15 Act II summary and Review A week later, alone in their farmhouse outside of town, John and Elizabeth Proctor discuss the ongoing trials and the escalating number of townsfolk who have been accused of being witches. Elizabeth urges her husband to denounce Abigail as a fraud; he refuses, and she becomes jealous, accusing him of still harboring feelings for her. Mary Warren, their servant and one of Abigail’s circle, returns from Salem with news that Elizabeth has been accused of witchcraft but the court did not pursue the accusation. Mary is sent up to bed, and John and Elizabeth continue their argument, only to be interrupted by a visit from Reverend Hale. While they discuss matters, Giles Corey and Francis Nurse come to the Proctor home with news that their wives have been arrested. Officers of the court suddenly arrive and arrest Elizabeth. After they have taken her, Proctor browbeats Mary, insisting that she must go to Salem and expose Abigail and the other girls as frauds.(deleted scene)Act II scene iiJohn confronts Abigail in the woods and demands she tell the truth. Abigail appears insane with power and believes she is doing God’s work. There is a suggestion she’s still lying. John leaves their meeting promising Abigail she will not kill his wife.
16 Act 3 Study Guide Review pg. 63 and/or 65 Over and over, Danforth says that the good have nothing to fear. What evidence can you give to show the opposite is true?On pages 93 Danforth gives the premise for judging a witch. Summarize his guidelines.Mary Warren’s testimony is destroyed in the end because she can not do something. What? How does she explain the problem?Finally Proctor admits to he and Abigail have been lovers. This truth could be the end of Abigail’s control. Why isn’t it?What is the importance of John Proctor’s last speech (Act III)
17 Act III ViewingAs you watch the first act, record 5 “inner thoughts”. This can include questions, observations, things that work well, things that frustrate you as a viewing, differences, and similarities.After the viewing, you will write 2-3 sentences recording your thoughts and impressions of this interpretation of the play.
18 Act 3 Reflection pg. 65Act III is pretty intense. A lot happens and it is highly emotional. Think back on your feelings as we finished reading as you write your reflection on those events. What questions or comments do you have? How do you feel about Abigail, the girls, The Proctor’s situation, as well as the behavior of the judges.Then, make a prediction about how Miller will end the story…Pg. 65
19 Act III Summary ReviewThe next day, Proctor brings Mary to court and tells Judge Danforth that she will testify that the girls are lying. Danforth is suspicious of Proctor’s motives and tells Proctor, truthfully, that Elizabeth is pregnant and will be spared for a time. Proctor persists in his charge, convincing Danforth to allow Mary to testify. Mary tells the court that the girls are lying. When the girls are brought in, they turn the tables by accusing Mary of bewitching them. Furious, Proctor confesses his affair with Abigail and accuses her of being motivated by jealousy of his wife. To test Proctor’s claim, Danforth summons Elizabeth and asks her if Proctor has been unfaithful to her. Despite her natural honesty, she lies to protect Proctor’s honor, and Danforth denounces Proctor as a liar. Meanwhile, Abigail and the girls again pretend that Mary is bewitching them, and Mary breaks down and accuses Proctor of being a witch. Proctor rages against her and against the court. He is arrested, and Hale quits the proceedings.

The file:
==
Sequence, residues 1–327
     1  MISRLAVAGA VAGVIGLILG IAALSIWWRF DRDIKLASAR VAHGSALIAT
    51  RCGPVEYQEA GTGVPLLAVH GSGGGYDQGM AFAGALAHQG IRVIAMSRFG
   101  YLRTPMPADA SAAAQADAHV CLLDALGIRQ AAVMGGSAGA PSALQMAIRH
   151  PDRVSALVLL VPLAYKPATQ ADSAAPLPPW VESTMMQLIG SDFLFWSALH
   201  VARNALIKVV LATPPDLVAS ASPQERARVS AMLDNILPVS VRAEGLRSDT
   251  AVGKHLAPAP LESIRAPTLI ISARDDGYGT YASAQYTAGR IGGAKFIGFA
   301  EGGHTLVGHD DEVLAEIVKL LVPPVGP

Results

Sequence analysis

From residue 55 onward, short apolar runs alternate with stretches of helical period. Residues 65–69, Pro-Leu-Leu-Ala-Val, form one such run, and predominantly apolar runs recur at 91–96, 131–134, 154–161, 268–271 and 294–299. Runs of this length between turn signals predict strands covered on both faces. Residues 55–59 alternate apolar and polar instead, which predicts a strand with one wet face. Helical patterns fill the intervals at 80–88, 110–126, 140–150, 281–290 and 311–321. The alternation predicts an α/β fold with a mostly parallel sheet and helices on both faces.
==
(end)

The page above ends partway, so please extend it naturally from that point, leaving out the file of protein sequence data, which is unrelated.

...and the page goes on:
20 Act VI Study Guide pg. 67 What is Hale’s mission in Act IV? Parris tells Danforth, “You cannot hang this sort” (123). What does he mean?Why won’t Danforth pardon the prisoners?Do you think Elizabeth Proctor would confess if she were in her husband’s place? Explain.In the end, what is it that is of the utmost important to John Proctor?
21 Act IV ViewingAs you watch the first act, record 5 “inner thoughts”. This can include questions, observations, things that work well, things that frustrate you as a viewing, differences, and similarities.After the viewing, you will write 2-3 sentences recording your thoughts and impressions of this interpretation of the play.
22 Act IV Summary and Review The summer passes and autumn arrives. The witch trials have caused unrest in neighboring towns, and Danforth grows nervous. Abigail has run away, taking all of Parris’s money with her. Hale, who has lost faith in the court, begs the accused witches to confess falsely in order to save their lives, but they refuse. Danforth, however, has an idea: he asks Elizabeth to talk John into confessing, and she agrees. Conflicted, but desiring to live, John agrees to confess, and the officers of the court rejoice. But he refuses to incriminate anyone else, and when the court insists that the confession must be made public, Proctor grows angry, tears it up, and retracts his admission of guilt. Despite Hale’s desperate pleas, Proctor goes to the gallows with the others, and the witch trials reach their awful conclusion.
23 Post Reading Act II s. ii reflection pg. 69 Now you have read the whole play (and seen it) what do you think of the “deleted” scene in Act II? How does that scene change the overall story? Do you think it should be included or excluded? Explain why?Response should be 100 words minimum. Use evidence from the play.
24 Anticipation/Relfection pg. 71 Return to the “Anticipation Guide” on page 31 of your notebook.Complete the “after” column.Have any of your opinions changed? Write a 100 word response to ONE of the statements, preferably one that has changed as a result of reading the play.